| BAGHDAD (IslamOnline.net) --
Iraqis are forgetting the traditional image they have of Ali Babas with
their Arabian outfits and strategy of stealing from those who once tortured
people, as they are now facing new kind of Ali Babas in military suits,
working under the flag of the United States and stealing from all.|
After almost nine weeks of the downfall of Iraq to the hands of the U.S.-led occupation and now that the free-for-all looting that swept the anarchy-mired country has come under control, the Iraqis are now facing new "Ali Babas," namely, U.S. soldiers who strip them clean of their savings and possessions.
Traditionally, Ali Babas were brave and had the excuse that they were plundering the palaces of those who once tortured people and stole their belongings.
"Ali Baba" has now become the mantra of the Iraqis and the "nom de guerre" for the U.S. soldiers in Iraq, who went on stealing and looting whatever it reached their hands, starting from money to the account of cellular phones.
"I was carrying 750,000 Iraqi dinars (one dollar equals some 1300 dinars) inside a plastic bag. I was on my way to a friend of mine to buy a second-hand small car to use it in transferring the products of my farmland to the customers. But U.S. soldiers spotted me and frisked me," Hussein Abdul Gabar, an Iraqi breadwinner and owner of a farmland, told IslamOnline.net correspondent.
"Once his eyes spotted the cash, one U.S. soldier extracted them and ordered me to leave the place·But when I complained and told him that this was my money, he told me bluntly: 'Go away," pointing his gun at me, he said.
They, in fact, are not hesitant about killing anyone under the pretext that he was a Baathist or a loyalist to (toppled Iraqi president) Saddam Hussein," he added.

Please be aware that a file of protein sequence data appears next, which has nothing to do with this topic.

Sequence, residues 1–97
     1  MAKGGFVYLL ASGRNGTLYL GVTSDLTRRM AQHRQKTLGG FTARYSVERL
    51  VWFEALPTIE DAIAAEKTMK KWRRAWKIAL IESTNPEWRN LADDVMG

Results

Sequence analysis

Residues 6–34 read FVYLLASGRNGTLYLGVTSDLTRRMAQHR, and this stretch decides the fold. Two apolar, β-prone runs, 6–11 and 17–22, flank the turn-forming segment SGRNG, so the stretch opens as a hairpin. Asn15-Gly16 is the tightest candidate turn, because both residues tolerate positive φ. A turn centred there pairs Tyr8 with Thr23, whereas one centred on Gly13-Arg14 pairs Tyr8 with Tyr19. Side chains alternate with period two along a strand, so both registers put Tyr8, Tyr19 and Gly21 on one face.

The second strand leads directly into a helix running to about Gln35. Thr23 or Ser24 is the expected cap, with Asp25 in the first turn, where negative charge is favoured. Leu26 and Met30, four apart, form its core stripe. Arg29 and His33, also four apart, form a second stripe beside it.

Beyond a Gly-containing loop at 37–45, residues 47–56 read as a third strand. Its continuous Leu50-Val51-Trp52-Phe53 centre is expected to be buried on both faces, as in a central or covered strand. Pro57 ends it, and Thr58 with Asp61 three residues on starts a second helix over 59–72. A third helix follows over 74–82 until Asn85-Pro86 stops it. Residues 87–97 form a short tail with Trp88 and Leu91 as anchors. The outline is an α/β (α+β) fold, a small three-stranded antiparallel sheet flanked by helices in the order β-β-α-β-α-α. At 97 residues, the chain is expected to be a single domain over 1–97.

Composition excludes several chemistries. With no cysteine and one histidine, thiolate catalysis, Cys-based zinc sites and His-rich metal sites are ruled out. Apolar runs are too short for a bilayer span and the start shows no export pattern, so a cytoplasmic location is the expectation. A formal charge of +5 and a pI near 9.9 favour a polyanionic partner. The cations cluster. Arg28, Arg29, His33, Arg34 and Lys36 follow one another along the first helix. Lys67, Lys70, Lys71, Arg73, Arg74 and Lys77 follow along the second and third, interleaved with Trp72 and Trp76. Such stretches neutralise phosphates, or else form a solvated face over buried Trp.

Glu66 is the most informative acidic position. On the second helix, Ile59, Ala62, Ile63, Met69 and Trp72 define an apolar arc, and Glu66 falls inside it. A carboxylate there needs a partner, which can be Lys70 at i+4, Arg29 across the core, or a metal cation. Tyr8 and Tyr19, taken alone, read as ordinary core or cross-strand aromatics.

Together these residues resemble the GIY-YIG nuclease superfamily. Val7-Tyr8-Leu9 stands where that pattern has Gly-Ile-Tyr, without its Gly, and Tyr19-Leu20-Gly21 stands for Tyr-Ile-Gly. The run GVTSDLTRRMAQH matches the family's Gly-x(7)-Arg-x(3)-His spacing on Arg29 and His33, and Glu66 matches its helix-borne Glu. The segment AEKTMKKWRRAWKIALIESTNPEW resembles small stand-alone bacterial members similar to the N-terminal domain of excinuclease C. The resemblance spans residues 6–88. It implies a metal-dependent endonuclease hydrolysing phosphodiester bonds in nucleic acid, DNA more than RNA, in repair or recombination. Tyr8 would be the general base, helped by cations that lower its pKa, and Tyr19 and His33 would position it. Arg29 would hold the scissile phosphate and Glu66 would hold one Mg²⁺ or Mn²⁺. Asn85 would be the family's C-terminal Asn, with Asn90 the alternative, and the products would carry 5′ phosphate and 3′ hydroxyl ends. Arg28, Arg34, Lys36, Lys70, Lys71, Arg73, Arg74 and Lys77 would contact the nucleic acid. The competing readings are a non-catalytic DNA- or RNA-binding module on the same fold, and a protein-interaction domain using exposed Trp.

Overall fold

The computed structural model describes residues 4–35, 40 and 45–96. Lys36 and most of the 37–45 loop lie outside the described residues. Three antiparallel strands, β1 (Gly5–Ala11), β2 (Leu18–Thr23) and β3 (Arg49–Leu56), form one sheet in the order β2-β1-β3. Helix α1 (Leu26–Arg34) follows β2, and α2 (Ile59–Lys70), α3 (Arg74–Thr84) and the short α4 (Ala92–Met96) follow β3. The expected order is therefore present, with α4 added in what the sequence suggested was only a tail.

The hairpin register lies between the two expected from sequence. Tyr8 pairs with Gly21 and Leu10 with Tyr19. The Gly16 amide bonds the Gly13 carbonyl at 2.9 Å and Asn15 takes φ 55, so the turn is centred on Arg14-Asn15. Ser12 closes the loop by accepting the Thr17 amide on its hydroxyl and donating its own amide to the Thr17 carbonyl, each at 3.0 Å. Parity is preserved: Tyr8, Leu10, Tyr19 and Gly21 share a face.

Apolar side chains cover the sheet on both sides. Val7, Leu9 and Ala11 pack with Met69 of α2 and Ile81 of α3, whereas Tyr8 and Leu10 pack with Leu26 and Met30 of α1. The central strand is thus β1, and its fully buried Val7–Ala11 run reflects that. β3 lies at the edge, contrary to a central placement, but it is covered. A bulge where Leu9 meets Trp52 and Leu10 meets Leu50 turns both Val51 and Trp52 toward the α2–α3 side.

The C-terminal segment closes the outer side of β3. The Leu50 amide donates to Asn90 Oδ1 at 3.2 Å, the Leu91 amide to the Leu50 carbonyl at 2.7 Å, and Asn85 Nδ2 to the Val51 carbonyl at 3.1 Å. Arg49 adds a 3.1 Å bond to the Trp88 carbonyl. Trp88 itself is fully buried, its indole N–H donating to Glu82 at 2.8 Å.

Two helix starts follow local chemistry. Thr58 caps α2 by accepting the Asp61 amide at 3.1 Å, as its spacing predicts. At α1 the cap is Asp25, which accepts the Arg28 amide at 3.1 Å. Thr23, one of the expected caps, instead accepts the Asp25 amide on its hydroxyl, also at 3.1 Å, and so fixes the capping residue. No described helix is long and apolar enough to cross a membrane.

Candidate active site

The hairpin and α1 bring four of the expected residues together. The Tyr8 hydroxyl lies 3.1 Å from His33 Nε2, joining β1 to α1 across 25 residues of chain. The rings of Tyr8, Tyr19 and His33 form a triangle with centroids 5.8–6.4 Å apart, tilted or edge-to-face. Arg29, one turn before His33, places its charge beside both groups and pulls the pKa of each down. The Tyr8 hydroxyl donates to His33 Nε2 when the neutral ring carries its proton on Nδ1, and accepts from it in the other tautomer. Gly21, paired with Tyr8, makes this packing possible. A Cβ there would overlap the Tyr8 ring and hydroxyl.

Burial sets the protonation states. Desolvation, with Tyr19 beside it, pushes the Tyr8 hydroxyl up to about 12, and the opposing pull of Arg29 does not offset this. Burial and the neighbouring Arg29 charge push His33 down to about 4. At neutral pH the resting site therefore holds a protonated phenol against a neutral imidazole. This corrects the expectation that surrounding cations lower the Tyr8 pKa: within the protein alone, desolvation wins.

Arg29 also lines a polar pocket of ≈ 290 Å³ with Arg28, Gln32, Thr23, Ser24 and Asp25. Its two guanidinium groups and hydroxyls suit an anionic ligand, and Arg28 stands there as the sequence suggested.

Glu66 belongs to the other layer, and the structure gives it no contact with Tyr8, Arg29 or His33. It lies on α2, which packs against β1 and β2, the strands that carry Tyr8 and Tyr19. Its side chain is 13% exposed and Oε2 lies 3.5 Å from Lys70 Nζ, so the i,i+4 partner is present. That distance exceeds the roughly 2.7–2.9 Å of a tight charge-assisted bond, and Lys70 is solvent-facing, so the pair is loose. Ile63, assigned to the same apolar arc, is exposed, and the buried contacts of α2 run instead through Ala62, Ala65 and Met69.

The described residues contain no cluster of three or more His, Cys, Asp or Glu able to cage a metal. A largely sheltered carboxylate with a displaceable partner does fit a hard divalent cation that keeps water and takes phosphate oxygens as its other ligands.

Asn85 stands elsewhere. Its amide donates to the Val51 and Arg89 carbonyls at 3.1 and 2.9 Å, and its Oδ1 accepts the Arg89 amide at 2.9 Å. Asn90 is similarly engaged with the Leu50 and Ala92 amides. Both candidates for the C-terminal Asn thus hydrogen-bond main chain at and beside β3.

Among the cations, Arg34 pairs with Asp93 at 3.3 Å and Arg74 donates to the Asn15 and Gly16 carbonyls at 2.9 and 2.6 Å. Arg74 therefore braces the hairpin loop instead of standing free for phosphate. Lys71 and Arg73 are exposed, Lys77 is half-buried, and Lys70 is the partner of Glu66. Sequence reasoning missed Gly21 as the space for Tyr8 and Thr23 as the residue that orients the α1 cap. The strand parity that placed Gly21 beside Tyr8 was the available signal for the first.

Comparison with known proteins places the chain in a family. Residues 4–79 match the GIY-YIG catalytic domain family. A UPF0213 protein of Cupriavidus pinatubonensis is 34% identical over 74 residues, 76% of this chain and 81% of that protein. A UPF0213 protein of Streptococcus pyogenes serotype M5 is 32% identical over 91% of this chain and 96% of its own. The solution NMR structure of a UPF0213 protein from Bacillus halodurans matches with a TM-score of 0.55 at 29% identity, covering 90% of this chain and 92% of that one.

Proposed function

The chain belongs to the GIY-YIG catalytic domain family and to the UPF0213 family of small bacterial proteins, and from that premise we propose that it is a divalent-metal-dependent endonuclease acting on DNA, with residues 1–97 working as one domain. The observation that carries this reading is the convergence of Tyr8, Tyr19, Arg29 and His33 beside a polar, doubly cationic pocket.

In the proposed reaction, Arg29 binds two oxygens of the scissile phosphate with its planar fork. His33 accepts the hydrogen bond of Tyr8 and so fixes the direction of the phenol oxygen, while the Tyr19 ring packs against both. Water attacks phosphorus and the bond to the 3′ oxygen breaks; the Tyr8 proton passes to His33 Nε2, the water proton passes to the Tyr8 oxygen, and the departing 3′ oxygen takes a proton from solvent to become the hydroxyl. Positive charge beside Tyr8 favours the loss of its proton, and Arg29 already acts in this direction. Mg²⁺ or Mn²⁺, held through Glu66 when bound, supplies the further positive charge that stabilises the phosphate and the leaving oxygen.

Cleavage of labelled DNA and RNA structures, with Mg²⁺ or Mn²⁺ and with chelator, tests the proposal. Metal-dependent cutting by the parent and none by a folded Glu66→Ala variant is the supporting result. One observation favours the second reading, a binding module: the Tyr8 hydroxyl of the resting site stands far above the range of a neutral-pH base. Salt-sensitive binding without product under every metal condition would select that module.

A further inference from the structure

He went on: "It was breaking my heart to see the soldier sharing my money with his fellowmen who were waiting for him in a nearby tank, with their faces creased into broad smiles."
"Now the U.S. soldiers understand what 'Ali Baba' really means," Abdul Gabar added.
Baba, "daddy" in Arabic, is a direct reference to "Ali Baba and the 40 Thieves", a famous tale of the One Thousand and One Nights.
Somia al-Zubeid, a housewife, is one of a myriad of Iraqis who have been looted by U.S. soldiers. She lives in Baghdad's Kafa'at district, where you find doctors, engineers and university professors.
"U.S. soldiers stormed into my house at night, turned it upside down and stole $2500, one million dinars in addition to some of my daughters' jewels," she told IOL.
"The seven soldiers ordered us to lie prone with their weapons pointing at out necks as if we were sheep·four of them scoured the house for more than one hour. They were heedless to the fact that we are women and home alone.
"Once they left, my daughters and I found out that they had stolen our jewels and the money we saved and used them to eke out a living until their father finds a job," she added.
Abu Habib, a taxi driver, told IOL that U.S. soldiers stopped him at almost 2:00 p.m. in Al-Mansour district in Baghdad, noting that they frisked him and searched his car, arguing that they were hunting wanted people.
"After they made sure I was not one of the wanted, they released me and I went home to discover that they stealthily stole my money just as it takes place inside crowded buses," he said.
'Free International Calls'
As for Atef al-Samrrai, an Iraqi businessman, he tells a different story about a new method of stealing.
"At the beginning of this month, I went to one of the U.S. military offices in Baghdad to get a security clearance for my exports via the road running through northern Turkey," Samrrai said.
"U.S. soldiers ordered me to leave my satellite-operating Thuraya cellular phone at the office's gate to allow me in. I agreed, thinking that it was a routine measure adopted all over the world. As I got my clearance I took back my mobile, but I found that I ran out of account and scores of calls had been made to the U.S.," Samrrai said.